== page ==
Vancouver officials and representatives of a regional health nonprofit gathered in the city’s downtown to celebrate the opening of a new medication-assisted treatment clinic, highlighting efforts to provide options for those in Clark County looking to beat their addiction.
On Aug. 1 “Ideal Option” welcomed guests for an open house at its newest location at 315 W Mill Plain Blvd., Vancouver. The clinic was the second location of the national healthcare provider in Vancouver, joining one in Cascade Park.
The clinic offers medication-assisted treatment, which involves the use of drugs along with behavioral health counseling to handle addiction, specifically opioid addiction in the case of Ideal Option. One drug, really a combination of two drugs, was front-and-center among those who spoke, as Southwest Washington Accountable Community of Health (SWACH) Opioid Collaborative Manager Jim Jensen talked about the benefits of Suboxone during the open house.
Suboxone is part naloxone and buprenorphine and allows for treatment of withdrawal symptoms from opioids such as heroin and certain prescription drugs. Jensen said research into Suboxone over the past five to 10 years has shown that the medication acts on reward pathways in the brain that opioids affect in a stable way, allowing those with addiction to be in a state of mind to access the other services they may need, like access to housing or behavioral health.
“There’s even some compelling evidence in the research right now that Suboxone may help people grow back the parts and function of the brain that they need to get sober more naturally,” Jensen said.
According to SWACH data, in 2017 39 individuals died in Clark County due to overdose, with deaths increasing 40% over the last decade. Opioid-related hospitalizations also increased by some 200% in that same timeframe.
Jensen commented on the evolution of understanding of addiction, from characterizing mental health issues as a “moral failing” to something that was partly physiological in nature.
“We’re at a precipice now. We’re at a place where we need to start understanding the physical aspects to addiction,” Jensen said. He spoke briefly about the reward pathways opioids and other drugs act on, explaining the mechanism developed as a way to encourage doing things for survival.
“Those systems that reward us for doing something essential to your survival are hijacked by addiction,” Jensen said.
Jensen stressed the importance of medication-assisted treatment having low barriers to receive it, explaining that if receiving the treatment forced patients to jump through hoops, “what people do is they just don’t get sober.”
Jensen said opioid addiction differs from other drugs in that those addicted are usually “running away from something” than seeking something out, as may be the case in cocaine or methamphetamine addictions — “rather than going ‘I want to party’ they say ‘I don’t want to be sick,’” he explained.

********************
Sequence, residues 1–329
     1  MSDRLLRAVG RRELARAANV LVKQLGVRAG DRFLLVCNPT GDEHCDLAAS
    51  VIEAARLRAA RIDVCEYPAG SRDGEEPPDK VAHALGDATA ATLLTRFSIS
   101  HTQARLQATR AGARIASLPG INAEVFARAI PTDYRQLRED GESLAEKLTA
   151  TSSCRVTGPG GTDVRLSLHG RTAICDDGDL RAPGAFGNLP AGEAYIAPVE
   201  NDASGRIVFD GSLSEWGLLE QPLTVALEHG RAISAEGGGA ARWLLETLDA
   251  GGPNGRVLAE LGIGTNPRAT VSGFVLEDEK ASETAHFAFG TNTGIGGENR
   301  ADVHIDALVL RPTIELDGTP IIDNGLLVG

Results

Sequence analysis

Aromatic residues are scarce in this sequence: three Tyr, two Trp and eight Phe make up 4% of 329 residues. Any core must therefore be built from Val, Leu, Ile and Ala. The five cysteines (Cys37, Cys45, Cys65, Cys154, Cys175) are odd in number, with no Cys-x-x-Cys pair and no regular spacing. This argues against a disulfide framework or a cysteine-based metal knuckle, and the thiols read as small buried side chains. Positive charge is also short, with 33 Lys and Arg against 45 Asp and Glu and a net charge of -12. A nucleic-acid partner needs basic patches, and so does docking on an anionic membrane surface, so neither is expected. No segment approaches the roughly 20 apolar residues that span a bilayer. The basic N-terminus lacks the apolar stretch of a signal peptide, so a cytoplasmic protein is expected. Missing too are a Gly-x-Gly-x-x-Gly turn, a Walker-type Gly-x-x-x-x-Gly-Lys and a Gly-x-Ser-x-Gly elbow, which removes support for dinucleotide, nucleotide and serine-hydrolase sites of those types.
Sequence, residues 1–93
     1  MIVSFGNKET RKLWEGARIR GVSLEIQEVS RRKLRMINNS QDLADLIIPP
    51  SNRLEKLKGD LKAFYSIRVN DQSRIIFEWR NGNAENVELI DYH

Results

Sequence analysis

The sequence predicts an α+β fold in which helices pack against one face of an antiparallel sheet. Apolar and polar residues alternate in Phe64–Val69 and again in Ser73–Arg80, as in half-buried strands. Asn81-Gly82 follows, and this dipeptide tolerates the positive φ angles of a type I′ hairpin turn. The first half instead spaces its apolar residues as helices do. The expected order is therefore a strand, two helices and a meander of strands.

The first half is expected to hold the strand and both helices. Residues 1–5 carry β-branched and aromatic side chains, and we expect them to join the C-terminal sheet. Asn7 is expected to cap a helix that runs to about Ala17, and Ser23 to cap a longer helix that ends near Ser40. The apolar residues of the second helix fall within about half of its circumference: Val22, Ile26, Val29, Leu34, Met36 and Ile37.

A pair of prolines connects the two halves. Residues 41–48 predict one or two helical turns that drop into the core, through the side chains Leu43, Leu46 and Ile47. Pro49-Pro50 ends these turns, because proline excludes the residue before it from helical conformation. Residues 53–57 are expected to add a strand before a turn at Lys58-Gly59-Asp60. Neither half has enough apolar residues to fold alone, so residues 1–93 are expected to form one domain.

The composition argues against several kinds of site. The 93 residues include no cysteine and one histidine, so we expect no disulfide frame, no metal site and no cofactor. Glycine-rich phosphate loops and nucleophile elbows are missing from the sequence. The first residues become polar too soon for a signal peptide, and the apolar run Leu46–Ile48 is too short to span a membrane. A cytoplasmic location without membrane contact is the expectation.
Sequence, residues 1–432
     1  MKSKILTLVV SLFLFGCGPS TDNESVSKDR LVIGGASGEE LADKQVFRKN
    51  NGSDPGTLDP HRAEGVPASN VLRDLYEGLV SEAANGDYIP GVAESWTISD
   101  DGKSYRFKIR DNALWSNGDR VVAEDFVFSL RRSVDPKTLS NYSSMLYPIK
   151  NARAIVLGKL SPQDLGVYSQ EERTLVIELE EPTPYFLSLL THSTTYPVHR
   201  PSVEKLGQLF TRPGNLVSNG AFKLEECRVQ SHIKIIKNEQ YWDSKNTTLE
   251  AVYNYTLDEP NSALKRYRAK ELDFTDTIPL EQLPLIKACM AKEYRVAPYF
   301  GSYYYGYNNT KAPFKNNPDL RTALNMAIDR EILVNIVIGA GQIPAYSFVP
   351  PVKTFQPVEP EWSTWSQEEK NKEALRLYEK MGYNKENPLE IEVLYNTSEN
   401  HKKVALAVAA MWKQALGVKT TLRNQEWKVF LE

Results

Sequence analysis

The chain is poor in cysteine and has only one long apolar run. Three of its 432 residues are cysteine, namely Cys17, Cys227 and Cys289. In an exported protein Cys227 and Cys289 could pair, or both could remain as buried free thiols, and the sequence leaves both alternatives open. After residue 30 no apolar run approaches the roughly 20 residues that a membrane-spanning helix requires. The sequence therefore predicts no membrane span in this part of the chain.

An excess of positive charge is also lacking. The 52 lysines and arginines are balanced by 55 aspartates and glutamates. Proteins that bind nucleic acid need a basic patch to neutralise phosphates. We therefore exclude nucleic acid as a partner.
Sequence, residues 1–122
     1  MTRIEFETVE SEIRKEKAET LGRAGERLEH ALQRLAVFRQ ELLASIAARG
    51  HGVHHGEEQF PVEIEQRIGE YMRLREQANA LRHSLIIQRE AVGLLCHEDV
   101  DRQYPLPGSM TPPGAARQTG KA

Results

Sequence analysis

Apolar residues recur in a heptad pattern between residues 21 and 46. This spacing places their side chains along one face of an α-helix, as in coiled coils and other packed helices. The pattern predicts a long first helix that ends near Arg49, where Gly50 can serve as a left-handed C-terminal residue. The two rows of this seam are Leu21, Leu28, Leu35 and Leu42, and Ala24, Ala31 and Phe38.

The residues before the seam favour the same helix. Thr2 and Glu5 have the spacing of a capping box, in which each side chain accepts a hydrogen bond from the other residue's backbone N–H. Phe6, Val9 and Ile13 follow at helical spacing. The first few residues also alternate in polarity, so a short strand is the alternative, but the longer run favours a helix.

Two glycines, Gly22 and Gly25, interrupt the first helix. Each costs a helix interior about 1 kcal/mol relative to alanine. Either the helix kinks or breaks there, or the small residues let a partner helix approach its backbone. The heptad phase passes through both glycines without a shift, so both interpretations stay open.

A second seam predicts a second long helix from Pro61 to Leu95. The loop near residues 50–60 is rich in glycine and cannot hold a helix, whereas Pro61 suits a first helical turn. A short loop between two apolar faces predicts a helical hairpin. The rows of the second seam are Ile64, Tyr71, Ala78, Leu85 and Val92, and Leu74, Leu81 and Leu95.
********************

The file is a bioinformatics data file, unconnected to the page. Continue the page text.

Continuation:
Whereas in the past methadone had been the most well-known drug to treat opioid addiction, Jensen said how it affects the brain was different and less ideal than what Suboxone can provide. He explained that the combination of drugs worked to both keep a patient from the worst of withdrawal while not allowing as much potential for abuse than the drug the patient was addicted to had.
“It prevents the up-and-down sort of nightmare lifestyle that is opiate addiction,” Jensen said.
The opening of another Ideal Option location fit well with the goal of SWACH’s Clark County Opioid Task Force, a group that formed earlier this year to deal with the epidemic of addiction to the class of drugs. Jensen said looking at medication-assisted treatment was essential to having a continuum of care for individuals with addiction, explaining it was one of the entry points for patients to get the services they need. Ultimately the task force is seeking a goal of having “no wrong doors” for people looking to treat their addictions, be it through places like Ideal Option, emergency departments at hospitals or even at the Clark County Jail.
“We want to create a situation in which when there’s a window of sobriety, no matter which door they walk into it was the right one,” Jensen said.
Apart from speakers including Vancouver Mayor Anne McEnerny-Ogle, city councilor Ty Stober and Jensen, the open house also featured success stories of the type of treatment. Janna Tuttle said she had struggled with addiction for 14 years, losing her family and doing a two-and-a-half year stint in prison. Following time in solitary confinement Tuttle said she began efforts to get into treatment, eventually getting on Suboxone after she was released which she said allowed her to become stable.
“If it wasn’t for being on Suboxone I don’t feel like I would be standing in front of you guys today,” Tuttle remarked. She said coming back to Clark County was a frightening proposition with the potential to encounter people from her past in addiction.
Tuttle said the stability she has with medication-assisted treatment allowed her to get full custody of her son, adding she recently got married and now has a relationship with her mother she never had growing up.
“The relationship that we have today … I couldn’t imagine not having it with her,” Tuttle remarked.